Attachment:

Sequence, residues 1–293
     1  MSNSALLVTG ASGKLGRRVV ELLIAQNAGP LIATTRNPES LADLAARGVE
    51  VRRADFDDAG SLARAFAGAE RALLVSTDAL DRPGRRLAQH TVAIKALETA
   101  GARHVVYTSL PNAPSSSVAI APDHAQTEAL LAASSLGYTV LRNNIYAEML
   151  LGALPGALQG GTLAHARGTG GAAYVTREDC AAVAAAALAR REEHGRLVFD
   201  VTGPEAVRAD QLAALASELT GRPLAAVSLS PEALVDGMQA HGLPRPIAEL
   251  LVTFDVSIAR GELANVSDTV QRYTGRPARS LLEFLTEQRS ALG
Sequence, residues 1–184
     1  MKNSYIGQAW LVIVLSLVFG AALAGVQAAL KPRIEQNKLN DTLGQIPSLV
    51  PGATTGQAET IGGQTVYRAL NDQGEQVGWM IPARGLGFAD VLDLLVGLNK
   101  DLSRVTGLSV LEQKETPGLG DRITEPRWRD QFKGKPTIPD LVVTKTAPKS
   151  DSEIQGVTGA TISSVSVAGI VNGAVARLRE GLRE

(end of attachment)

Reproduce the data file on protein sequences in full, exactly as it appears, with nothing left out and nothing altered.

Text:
Sequence, residues 1–293
     1  MSNSALLVTG ASGKLGRRVV ELLIAQNAGP LIATTRNPES LADLAARGVE
    51  VRRADFDDAG SLARAFAGAE RALLVSTDAL DRPGRRLAQH TVAIKALETA
   101  GARHVVYTSL PNAPSSSVAI APDHAQTEAL LAASSLGYTV LRNNIYAEML
   151  LGALPGALQG GTLAHARGTG GAAYVTREDC AAVAAAALAR REEHGRLVFD
   201  VTGPEAVRAD QLAALASELT GRPLAAVSLS PEALVDGMQA HGLPRPIAEL
   251  LVTFDVSIAR GELANVSDTV QRYTGRPARS LLEFLTEQRS ALG
Sequence, residues 1–184
     1  MKNSYIGQAW LVIVLSLVFG AALAGVQAAL KPRIEQNKLN DTLGQIPSLV
    51  PGATTGQAET IGGQTVYRAL NDQGEQVGWM IPARGLGFAD VLDLLVGLNK
   101  DLSRVTGLSV LEQKETPGLG DRITEPRWRD QFKGKPTIPD LVVTKTAPKS
   151  DSEIQGVTGA TISSVSVAGI VNGAVARLRE GLRE